It’s little known, but when Victor Hugo wrote ‘the Hunchback of Notre Dame,’ Notre Dame was crumbling and in great disrepair. So much so, that in the early 1800s, when Victor Hugo was living in Paris, the cathedral was half-falling down.
Groundbreaking of Notre Dame began way back in the 12th-century, with Pope Alexander in attendance. Over time, the Cathedral has seen many changes, and until last night, many people didn’t even realise that the now destroyed wooden spire only dated back to the 19th-century. Those who began the construction of Notre Dame in the 12th-century (many of whom were volunteers and would never see the completed masterpiece) would likely not even recognise the modern day structure we all know and love today.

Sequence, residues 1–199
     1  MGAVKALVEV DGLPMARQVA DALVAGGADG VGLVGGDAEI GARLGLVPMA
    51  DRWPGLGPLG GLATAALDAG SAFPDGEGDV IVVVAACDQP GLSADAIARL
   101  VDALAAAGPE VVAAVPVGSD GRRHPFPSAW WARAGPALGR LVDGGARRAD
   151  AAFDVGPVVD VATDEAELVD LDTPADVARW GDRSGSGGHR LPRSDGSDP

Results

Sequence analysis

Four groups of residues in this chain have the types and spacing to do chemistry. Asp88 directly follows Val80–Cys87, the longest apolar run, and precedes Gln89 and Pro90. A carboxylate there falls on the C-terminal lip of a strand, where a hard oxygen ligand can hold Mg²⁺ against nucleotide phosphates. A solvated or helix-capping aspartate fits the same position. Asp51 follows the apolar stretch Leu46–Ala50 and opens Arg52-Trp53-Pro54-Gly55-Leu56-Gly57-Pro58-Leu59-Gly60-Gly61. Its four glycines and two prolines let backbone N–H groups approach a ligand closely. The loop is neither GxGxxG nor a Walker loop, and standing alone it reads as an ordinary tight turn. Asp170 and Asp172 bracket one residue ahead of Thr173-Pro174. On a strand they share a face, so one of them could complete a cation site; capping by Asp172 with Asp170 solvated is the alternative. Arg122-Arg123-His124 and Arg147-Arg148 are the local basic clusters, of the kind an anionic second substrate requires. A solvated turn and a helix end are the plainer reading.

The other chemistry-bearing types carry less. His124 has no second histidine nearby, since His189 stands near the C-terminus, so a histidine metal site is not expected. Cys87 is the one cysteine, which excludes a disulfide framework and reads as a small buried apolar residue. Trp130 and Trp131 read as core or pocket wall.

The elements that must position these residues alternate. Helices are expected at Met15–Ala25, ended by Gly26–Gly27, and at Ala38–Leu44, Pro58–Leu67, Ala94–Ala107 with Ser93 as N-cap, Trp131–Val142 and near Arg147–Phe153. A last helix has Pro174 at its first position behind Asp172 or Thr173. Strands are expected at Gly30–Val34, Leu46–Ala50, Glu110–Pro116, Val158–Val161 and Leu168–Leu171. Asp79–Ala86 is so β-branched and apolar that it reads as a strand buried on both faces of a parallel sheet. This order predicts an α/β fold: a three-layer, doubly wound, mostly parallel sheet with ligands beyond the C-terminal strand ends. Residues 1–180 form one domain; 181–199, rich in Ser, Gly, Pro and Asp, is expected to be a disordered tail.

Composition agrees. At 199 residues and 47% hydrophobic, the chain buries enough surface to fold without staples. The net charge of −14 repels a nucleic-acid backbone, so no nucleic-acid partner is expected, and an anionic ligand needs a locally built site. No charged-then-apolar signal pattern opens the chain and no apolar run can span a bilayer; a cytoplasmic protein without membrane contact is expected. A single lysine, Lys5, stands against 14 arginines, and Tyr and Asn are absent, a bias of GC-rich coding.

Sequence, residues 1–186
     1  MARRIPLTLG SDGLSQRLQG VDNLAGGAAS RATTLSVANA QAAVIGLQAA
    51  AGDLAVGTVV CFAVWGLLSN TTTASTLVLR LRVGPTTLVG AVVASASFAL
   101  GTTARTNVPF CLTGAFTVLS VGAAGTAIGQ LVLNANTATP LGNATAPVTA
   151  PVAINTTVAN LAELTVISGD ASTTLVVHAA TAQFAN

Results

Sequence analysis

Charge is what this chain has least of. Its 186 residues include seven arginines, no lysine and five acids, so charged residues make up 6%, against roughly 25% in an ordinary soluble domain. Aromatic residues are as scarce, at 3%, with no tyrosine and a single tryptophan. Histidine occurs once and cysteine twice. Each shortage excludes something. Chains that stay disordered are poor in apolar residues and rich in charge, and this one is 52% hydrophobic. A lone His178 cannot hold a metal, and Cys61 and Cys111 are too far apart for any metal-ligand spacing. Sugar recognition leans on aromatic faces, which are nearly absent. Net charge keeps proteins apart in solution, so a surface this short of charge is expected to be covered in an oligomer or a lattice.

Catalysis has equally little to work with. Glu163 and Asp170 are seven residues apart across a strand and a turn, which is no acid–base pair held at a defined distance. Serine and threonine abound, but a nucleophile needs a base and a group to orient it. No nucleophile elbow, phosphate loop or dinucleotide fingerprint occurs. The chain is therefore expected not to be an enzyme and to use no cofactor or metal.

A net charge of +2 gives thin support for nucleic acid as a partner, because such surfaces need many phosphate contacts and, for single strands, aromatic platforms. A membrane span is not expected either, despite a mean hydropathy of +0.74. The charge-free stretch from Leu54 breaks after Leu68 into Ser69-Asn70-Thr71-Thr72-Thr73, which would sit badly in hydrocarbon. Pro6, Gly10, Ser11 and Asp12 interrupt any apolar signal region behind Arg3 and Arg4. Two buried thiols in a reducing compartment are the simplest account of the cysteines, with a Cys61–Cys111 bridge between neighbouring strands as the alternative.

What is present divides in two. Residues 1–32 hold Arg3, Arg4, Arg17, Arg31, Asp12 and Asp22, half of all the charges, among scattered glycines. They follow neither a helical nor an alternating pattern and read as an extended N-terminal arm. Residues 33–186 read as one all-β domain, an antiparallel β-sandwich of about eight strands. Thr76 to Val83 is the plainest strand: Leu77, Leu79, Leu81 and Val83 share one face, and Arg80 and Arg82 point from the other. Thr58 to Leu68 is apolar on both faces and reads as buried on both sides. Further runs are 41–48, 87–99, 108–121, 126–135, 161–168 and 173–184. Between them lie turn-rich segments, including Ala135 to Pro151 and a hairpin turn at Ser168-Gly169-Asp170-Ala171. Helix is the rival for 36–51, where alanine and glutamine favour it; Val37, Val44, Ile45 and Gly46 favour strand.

You see, during the time of Louis XIV (i.e. The Sun King of Versailles), the Cathedral underwent many changes, renovations, and some might say, disfigurements. The stained glass windows were largely replaced with clear panes, while the original rood screen (jube in French- the only surviving one in Paris is to be found in the church of Saint-Etienne-du-Mont) was taken away. Pillars were removed and the church was transformed beyond recognition.
Further misfortune was to befall the cathedral during the French Revolution. Statues were torn down, smashed, and carvings were defaced. The lead was stolen from the rooftops to make bullets and by the time the Cathedral was once more in the hands of the church (in 1802), the Cathedral was in need of funds to ensure that the Cathedral would even still be standing for future generations to enjoy.